St James the Great

Much of this church was built during the 13th and 14th centuries; the tower was built in at least two distinct phases, with construction interrupted by the Black Death.

About this church

One of the most interesting features of the church is its 14th century font, which, like others in Warwickshire, has carved heads round the base of the bowl. Time has weathered and chipped at these faces so that their expressions are enigmatic, perhaps ensuring that they are as powerful now as when they were first carved.

The church has several literary connections. Poet Richard Jago was a curate here in the 18th century, and was buried in a vault in the church in 1781. His poems have not weathered as well as the faces on the font; they include a long account of the Battle of Edgehill, which took place nearby.

William Shakespeare's family came from Snitterfield, and his grandfather Richard was a churchwarden. His Uncle Henry had a farm in the village, but had a poor reputation with regard to the church, being fined for dressing inappropriately at church, and eventually excommunicated for non-payment of his church tithes.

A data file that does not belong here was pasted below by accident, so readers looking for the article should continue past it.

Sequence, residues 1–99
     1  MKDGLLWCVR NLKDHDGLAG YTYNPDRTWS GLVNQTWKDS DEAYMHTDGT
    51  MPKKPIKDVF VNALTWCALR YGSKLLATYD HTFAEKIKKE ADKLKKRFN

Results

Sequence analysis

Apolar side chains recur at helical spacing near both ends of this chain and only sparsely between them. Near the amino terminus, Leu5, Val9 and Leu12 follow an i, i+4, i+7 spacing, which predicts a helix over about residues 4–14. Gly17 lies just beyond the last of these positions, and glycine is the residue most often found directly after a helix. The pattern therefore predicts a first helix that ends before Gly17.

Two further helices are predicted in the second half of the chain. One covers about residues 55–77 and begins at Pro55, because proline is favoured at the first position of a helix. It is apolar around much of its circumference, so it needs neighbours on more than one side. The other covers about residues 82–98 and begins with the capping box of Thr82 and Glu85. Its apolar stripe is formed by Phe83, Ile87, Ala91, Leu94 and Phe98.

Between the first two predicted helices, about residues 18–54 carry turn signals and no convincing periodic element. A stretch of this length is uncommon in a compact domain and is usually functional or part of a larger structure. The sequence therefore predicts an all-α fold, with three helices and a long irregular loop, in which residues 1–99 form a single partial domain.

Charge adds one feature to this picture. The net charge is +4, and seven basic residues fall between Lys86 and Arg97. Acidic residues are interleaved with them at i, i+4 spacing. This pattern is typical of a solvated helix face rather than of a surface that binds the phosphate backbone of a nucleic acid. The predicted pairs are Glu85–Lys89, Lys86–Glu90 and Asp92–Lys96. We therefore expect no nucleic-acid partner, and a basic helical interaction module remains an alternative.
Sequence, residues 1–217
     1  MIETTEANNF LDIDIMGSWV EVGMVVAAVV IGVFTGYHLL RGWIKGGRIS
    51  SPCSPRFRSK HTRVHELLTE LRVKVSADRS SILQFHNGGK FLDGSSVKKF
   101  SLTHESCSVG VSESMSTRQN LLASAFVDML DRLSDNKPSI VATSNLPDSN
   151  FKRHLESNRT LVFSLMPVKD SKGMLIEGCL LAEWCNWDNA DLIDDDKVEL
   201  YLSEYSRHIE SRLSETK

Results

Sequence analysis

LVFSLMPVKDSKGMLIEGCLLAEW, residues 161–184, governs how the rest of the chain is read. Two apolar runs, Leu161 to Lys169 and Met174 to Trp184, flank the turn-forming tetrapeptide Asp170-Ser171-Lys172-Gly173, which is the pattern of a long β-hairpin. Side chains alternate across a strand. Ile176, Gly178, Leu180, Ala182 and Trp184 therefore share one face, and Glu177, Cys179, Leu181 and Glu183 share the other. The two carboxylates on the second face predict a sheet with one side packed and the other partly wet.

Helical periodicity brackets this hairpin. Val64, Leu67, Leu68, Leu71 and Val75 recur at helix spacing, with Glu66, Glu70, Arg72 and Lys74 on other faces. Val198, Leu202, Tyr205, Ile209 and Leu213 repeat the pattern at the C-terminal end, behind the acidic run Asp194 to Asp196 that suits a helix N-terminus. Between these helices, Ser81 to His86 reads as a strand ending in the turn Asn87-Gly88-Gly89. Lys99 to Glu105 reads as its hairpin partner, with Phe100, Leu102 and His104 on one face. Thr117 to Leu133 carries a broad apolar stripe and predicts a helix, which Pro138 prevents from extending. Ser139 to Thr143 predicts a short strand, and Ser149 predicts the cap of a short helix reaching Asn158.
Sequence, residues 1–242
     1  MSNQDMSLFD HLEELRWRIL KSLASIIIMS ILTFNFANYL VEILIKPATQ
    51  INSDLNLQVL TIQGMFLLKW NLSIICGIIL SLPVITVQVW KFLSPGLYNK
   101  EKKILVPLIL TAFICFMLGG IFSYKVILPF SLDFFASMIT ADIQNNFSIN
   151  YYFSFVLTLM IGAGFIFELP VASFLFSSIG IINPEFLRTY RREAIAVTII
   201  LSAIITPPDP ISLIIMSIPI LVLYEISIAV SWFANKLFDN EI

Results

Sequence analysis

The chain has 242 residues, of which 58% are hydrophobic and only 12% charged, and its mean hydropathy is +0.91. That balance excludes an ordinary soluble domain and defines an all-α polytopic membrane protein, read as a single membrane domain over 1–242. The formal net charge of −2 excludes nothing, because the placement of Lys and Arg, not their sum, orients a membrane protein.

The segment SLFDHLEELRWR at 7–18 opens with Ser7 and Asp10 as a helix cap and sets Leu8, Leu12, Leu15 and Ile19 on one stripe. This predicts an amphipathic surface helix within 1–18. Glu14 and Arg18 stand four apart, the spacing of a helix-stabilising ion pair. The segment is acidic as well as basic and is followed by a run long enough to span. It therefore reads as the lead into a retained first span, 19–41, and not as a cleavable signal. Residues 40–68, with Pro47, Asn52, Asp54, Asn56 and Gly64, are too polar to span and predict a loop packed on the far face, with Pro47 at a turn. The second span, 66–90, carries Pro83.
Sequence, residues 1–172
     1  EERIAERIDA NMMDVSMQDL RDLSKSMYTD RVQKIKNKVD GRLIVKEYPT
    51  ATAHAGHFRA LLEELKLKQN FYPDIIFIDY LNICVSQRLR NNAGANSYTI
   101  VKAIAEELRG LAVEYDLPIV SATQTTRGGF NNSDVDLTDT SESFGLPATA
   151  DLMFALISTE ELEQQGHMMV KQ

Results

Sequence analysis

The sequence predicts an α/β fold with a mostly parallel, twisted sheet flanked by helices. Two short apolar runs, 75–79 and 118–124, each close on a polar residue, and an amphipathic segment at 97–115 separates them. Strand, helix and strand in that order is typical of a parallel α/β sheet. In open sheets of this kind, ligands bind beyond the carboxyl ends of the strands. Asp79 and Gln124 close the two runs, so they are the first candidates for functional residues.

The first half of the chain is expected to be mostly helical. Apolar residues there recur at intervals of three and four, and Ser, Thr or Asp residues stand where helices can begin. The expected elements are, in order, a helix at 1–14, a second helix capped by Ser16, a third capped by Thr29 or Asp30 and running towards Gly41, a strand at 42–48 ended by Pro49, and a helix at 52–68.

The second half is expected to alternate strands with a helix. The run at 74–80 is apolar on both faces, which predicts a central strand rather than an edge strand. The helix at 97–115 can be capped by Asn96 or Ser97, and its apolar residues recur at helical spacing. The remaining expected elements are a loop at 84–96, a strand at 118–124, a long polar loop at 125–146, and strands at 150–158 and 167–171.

Key Features

  • Captivating architecture
  • Glorious furnishings
  • Fascinating churchyard
  • National heritage here
  • Famous connections

Visitors information

  • Level access to the main areas
  • On street parking at church
  • Parking within 250m
  • Accessible toilets nearby
  • Dog friendly
  • Walkers & cyclists welcome
  • Space to secure your bike

Other nearby churches

St Peter ad Vincula

Architects Thomas Rickman and Henry Hutchinson built this village church on a cathedral scale in the 1820s.

Rother Street URC

A traditional building with some beautiful features and offers an oasis of peace and calm after the bustle of the city outside.

Holy Trinity

Even if you wanted to, there is no escaping the Shakespeare industry in Stratford.

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